Sometimes lost in these heady early days of the 3D and VR
revolution is the major problem of motion sickness
(or simulation sickness, if you will). Even the CEO of Oculus, the company that makes the promising Oculus Rift
VR gaming headset, has struggled with the nausea caused by his company’s flagship product. However, he believes that they’ve solved that issue.
"I've gotten sick every time I've tried it. Every time until recently," CEO Brendan Iribe told a group at the Gaming Insiders conference in San Francisco. "In the last few weeks, I stayed in it for 45 minute sessions and I did not get sick with the new prototype. We are at the edge of bringing you no motion sickness content."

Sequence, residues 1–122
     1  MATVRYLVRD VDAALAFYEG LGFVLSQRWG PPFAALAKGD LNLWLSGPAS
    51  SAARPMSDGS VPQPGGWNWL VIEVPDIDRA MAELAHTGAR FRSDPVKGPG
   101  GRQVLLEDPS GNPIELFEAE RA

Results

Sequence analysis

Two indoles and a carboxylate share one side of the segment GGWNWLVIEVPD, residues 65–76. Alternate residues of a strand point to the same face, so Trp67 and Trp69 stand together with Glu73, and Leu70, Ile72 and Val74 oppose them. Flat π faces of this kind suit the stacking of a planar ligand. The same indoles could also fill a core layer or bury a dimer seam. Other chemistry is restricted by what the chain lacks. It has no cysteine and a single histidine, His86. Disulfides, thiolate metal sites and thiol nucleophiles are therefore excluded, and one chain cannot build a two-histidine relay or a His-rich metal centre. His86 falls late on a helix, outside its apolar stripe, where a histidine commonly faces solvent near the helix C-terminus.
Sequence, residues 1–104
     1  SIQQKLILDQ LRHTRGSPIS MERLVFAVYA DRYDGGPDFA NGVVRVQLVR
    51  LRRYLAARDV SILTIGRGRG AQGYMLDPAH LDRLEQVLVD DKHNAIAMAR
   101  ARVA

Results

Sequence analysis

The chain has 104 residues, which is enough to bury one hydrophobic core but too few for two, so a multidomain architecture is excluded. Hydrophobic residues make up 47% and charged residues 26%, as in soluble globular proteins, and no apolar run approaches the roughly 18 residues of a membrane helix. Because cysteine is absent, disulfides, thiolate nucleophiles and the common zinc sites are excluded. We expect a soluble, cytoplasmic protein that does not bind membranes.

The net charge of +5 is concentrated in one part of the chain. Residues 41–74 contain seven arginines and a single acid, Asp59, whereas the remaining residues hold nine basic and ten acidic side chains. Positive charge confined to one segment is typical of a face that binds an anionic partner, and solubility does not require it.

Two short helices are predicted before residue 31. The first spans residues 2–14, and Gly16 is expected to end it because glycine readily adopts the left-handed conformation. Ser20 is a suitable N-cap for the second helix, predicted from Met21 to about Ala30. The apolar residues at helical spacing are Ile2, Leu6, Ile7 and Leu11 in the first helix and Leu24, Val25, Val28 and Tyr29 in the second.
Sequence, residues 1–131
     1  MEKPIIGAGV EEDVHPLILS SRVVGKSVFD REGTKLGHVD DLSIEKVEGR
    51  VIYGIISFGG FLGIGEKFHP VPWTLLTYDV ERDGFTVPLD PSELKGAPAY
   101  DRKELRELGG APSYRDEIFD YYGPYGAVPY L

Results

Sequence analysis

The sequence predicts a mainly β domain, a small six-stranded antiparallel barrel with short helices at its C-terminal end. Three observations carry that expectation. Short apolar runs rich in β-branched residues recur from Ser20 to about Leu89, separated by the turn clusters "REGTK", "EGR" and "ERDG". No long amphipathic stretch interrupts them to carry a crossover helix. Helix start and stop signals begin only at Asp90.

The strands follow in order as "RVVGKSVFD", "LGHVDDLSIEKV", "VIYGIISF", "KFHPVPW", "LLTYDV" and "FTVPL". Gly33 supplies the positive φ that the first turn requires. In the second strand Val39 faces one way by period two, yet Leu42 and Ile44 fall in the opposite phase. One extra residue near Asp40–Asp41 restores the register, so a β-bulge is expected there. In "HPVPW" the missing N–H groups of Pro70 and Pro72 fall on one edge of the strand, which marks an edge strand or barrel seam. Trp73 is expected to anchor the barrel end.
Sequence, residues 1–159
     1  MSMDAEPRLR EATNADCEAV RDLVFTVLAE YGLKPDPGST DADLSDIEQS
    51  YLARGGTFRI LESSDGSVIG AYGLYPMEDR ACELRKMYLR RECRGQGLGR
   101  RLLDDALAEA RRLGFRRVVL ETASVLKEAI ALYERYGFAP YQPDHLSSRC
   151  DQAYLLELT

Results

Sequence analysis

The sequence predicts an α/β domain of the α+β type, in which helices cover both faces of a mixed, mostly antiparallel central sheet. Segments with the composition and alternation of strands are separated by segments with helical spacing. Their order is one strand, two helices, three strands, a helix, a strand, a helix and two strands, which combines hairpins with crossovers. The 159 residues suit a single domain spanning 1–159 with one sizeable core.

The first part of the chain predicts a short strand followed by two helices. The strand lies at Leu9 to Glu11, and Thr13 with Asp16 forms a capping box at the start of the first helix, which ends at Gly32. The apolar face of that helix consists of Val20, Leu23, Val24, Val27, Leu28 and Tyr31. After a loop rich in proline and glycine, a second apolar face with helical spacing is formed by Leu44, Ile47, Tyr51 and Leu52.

He attributes that largely to improved latency (the goal is 5ms), and acknowledged that Oculus is driving forward and working on improving resolution, judder, field of view, user interface, and more.
There will come a day when VR gaming will be as run-of-the-mill as smartphones have become, and if products like the Oculus Rift continue to develop at the pace they have in the last year or so, that day may not be too far off.